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Hop Harvest 2023
Harvesting hops at Thomsen Hop Farm

This year we had the amazing opportunity to join Thomsen Hop Farm for hop harvest.

The journey began with a six plus hour drive up to the central valley after work.  And after 3 hours of sleep, we were up before the sun to start cutting bines on the farm.

To harvest the hops, which are hanging from a 20ft structure having climbed up twine to the top, are first cut at the bottom so they swing into the lane between the plants.  We then drive a flat bed truck with the hops going over the top.  As they get to the back of the flatbed, they are cut at the top by a machine and fall into the bed.  After collecting the bines from a row we head back to the Wolf Harvester.  The bines are offloaded from the truck and for the next several hours manually loaded into the harvester by hand.  In the harvester the bines are stripped of hop cones and leaves.  The cones fall onto conveyor belts and are taken onto bags.  The waste bines and leaves are shredded for compost. 

After the bags are full for the day, they are taken to driers to drop their moisture content to around 8-12%.  Anything more and the hops will start going bad and molding.  The dried hops are then loaded into a bailer where they are compressed and stored in cold storage until they are ready to be processed into pellets.

What we were excited about, was to take 55# of hops home right after they come out of the dryer.  These went into our first wet hop beer this year.

Hop Harvest 2023

The History of Hops in California

The history of growing hops in California traces back to the mid-1800s. During the California Gold Rush, the demand for beer increased among the many settlers and miners who migrated to the region. This created an opportunity for hop cultivation, as hops are a crucial ingredient in beer production for flavoring and aroma.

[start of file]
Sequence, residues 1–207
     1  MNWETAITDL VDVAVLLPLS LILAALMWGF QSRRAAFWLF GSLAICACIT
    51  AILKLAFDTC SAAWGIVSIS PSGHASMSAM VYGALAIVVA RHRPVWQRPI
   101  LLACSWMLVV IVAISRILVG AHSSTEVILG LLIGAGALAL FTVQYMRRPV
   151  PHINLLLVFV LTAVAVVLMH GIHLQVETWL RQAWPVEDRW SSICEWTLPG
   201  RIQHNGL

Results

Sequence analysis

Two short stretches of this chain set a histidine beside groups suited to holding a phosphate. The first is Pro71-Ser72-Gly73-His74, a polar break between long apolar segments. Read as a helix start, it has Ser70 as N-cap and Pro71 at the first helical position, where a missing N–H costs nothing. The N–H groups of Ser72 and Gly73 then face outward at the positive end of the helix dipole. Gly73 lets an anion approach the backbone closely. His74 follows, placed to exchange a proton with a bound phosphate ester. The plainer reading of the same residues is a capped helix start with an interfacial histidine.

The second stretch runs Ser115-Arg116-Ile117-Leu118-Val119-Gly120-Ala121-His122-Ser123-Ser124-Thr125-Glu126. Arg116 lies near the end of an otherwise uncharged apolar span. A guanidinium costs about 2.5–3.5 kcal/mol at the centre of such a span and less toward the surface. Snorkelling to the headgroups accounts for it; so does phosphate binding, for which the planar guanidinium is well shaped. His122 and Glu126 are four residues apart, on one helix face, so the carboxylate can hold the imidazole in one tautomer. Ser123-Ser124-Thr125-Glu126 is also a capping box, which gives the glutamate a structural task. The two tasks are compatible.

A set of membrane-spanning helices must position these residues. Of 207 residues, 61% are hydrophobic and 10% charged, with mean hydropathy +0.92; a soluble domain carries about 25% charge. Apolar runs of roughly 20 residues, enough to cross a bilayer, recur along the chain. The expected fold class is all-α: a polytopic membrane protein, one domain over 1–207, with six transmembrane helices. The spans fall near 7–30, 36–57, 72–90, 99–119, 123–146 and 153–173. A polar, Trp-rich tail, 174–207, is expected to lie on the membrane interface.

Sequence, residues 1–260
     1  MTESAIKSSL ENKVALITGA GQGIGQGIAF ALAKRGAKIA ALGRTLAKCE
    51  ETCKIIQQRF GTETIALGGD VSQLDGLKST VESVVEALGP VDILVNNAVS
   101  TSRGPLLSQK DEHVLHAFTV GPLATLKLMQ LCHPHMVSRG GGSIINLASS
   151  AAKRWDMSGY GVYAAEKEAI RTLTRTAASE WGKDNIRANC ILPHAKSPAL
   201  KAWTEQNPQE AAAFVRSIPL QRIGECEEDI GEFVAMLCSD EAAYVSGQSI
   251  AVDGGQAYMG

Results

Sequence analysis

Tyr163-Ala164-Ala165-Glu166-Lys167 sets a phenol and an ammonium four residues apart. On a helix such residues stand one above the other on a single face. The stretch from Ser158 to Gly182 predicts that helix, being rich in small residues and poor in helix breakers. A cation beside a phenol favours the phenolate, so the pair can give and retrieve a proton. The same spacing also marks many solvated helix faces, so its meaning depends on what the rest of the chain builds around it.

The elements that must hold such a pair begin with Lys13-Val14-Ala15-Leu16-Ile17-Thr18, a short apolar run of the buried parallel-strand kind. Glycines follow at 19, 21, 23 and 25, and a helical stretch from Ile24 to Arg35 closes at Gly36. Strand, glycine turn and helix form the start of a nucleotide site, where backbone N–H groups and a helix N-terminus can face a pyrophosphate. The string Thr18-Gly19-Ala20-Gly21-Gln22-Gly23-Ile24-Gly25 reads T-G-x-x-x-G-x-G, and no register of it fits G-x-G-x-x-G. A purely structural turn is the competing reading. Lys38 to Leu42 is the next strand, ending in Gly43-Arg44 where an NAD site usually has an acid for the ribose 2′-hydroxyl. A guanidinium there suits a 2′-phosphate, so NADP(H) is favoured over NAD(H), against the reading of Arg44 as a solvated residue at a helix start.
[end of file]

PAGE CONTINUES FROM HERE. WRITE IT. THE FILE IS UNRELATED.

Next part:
The first commercial hop yards in California were established in the early 1850s in the Sierra Nevada foothills. Initially, these hop yards were small and family-owned. However, within a few decades, hop cultivation expanded rapidly due to the ideal climate and fertile soils found in certain regions of the state.

By the late 19th century, hop production in California experienced a significant boom. Counties like Sacramento, El Dorado, and Placer became major hop-growing regions. Sacramento County, in particular, witnessed a surge in hop yards as farmers recognized the potential profitability of the crop.

In the early 20th century, California emerged as one of the leading hop-producing states in the United States. According to the 1910 U.S. Census, California was the third-largest hop-producing state after New York and Wisconsin. Hop yards in California covered thousands of acres and employed a significant workforce.

However, the industry faced several challenges throughout its history. Pests and diseases, such as downy mildew and hop lice, posed major threats to hop plants. In addition, the enactment of Prohibition in 1920 severely impacted hop production. Many hop yards were either abandoned or converted to other agricultural uses during this period.

After the end of Prohibition in 1933, hop farming gradually resumed in California, but on a much smaller scale. The industry faced intense competition from other hop-growing regions, particularly in the Pacific Northwest.

Over time, hop cultivation in California evolved to focus on niche markets and specialty varieties. Craft breweries and the demand for unique, local flavors sparked a resurgence of interest in California-grown hops. Today, craft breweries often seek out locally grown hops to create distinct brews and support their communities.

Although California's hop production remains comparatively smaller than the Pacific Northwest, the state continues to cultivate hops, contributing to the diversity and innovation in the craft beer industry.

Thomsen Hop Farm

Thomsen Hops is revitalizing the California hop industry. Our focus is quality from hop to glass. We are nestled in the most productive agricultural growing region in the world: the central valley of Tracy, California. We are a third generation family farm with deep roots in agriculture that date back to the 1950's. In 2020, we planted 9 hop varieties across 16 acres. We are a one-stop-shop for all things hops from trellis build, hop farming, to processing and cold storage.

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